There are rare ones, and there are rare ones. Then there is the rarity with exceptional provenance, which is where this 1961 Ferrari 400 Superamerica Series I Coupe Aerodinamico fits in.
The Ferrari The “America” series was created for the company’s most affluent customers. Made with large displacement engines, in this case a 3,967 cc V12 with 320 hp. (239 kW/324 hp), they were custom-made for the Shahs and Counts.
The 400 Superamerica Series I in particular was inspired from Pininfarinasensational Superfast II show car and featured some of the most extreme design cues. Only 14 were put into production, and of those, only half had the aerodynamic headlights that can be seen on this example.
But this model is even rarer. This is the only series I made a car from lightweight aluminumsomething its owner insists on, a man who helps fill in the other half of this car’s rarity story: the provenance.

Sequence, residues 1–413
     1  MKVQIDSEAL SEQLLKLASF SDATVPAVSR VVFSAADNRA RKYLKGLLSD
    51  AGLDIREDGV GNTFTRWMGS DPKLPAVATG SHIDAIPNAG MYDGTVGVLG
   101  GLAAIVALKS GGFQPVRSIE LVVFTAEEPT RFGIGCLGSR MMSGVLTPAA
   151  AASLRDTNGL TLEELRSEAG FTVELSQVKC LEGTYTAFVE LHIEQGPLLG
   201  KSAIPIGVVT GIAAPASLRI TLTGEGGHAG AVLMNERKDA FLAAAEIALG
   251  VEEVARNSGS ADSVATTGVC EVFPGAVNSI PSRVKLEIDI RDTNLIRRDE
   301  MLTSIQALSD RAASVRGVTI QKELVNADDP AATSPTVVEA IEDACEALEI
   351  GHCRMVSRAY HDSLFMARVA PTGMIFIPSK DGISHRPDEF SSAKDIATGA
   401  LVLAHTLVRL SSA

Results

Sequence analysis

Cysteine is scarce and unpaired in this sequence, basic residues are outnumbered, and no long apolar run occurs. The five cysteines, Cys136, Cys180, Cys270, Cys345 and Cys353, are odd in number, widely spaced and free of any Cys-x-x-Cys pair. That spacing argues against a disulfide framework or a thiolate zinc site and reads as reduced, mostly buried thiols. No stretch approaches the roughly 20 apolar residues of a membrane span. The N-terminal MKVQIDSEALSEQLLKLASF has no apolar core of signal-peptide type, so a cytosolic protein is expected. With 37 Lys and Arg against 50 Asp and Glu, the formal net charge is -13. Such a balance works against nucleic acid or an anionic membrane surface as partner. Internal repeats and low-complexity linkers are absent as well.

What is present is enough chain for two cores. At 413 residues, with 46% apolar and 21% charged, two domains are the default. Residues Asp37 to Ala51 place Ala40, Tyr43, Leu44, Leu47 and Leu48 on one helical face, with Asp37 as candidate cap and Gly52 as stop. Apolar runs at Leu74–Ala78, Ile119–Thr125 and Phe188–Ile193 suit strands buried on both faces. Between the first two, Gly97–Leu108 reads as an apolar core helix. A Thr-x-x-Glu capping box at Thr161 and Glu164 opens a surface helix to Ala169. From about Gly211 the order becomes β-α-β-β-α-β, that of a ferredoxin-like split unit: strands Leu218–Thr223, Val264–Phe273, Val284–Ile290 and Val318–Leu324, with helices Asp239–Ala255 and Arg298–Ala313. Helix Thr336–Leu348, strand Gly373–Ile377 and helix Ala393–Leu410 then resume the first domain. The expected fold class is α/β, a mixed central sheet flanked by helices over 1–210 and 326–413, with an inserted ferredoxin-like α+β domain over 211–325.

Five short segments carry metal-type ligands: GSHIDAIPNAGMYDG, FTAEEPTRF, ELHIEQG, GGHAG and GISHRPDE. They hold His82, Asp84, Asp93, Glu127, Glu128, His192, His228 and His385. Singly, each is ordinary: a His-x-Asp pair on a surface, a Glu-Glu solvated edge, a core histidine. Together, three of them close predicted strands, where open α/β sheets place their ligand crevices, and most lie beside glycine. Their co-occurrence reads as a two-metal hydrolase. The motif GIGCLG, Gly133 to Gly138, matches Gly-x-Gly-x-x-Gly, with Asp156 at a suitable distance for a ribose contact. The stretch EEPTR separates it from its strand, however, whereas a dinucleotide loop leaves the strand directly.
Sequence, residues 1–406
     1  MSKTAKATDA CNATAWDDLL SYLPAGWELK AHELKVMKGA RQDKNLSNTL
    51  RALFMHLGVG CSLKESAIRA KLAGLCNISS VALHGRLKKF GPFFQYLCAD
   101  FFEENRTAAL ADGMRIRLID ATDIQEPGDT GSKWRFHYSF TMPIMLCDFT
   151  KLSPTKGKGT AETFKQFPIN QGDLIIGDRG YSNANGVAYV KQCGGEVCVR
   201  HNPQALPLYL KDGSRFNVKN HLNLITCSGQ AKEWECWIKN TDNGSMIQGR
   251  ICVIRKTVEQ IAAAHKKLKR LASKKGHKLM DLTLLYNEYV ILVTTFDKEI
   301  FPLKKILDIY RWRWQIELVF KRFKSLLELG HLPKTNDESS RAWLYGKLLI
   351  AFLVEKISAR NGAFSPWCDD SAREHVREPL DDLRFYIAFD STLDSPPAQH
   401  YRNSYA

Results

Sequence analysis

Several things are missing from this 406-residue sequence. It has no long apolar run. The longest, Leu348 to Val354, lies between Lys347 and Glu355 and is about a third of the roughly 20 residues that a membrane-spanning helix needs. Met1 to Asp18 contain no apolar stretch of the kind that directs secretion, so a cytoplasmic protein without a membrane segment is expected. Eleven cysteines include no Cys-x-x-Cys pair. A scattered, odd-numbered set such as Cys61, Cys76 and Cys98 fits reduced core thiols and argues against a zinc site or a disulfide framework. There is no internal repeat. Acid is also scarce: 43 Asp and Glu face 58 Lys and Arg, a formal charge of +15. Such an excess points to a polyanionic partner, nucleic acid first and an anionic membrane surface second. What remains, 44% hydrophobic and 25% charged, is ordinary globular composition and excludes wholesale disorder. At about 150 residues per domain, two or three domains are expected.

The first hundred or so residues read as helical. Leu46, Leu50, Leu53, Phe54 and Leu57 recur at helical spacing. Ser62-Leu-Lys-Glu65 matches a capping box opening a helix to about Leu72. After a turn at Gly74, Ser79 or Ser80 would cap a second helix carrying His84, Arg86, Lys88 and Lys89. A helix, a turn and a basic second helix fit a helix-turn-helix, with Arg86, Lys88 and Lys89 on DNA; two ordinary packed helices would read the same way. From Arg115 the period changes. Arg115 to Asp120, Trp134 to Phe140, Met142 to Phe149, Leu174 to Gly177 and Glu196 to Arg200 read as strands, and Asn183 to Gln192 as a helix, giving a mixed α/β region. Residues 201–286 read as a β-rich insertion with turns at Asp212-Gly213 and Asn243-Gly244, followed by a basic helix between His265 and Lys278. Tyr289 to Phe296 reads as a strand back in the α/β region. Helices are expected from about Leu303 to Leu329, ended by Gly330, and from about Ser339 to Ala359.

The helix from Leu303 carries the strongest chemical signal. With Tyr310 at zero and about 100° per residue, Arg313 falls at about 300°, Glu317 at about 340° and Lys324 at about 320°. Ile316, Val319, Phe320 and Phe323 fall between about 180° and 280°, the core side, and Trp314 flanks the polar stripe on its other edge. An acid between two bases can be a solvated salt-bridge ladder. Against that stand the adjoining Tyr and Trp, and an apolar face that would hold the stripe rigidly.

The new car was commissioned by Count Giovanni Volpi di Misurata, who came from a very influential Venetian family. Born into great wealth, he naturally developed a taste for motor racing.
In fact, just a year after receiving this machine by several members Scuderia Ferrari the racing team left and some joined the Volpi racing team, Scuderia SSS Republica di Venezia. He also helped found the legendary Automobili Turismo e Sport (ATS) and later founded Automobili Serenissima, which produced several racing cars in the 70s.
It is therefore not surprising that, due to his interest in racing, Volpi insisted on making his car out of lightweight material. Count was as moody as he was different, and sold Superamerica in 1962.
It has been owned by a small handful of people since then, but has driven less than 25,000 km (15,534 miles). Its condition is less than pristine, but it is clear that it has been cared for throughout its life. Largely unrestored, it is now for sale at Gooding and CompanyPebble Beach Auction. It is expected to sell for $4-5 million.
Photo by Gooding & Company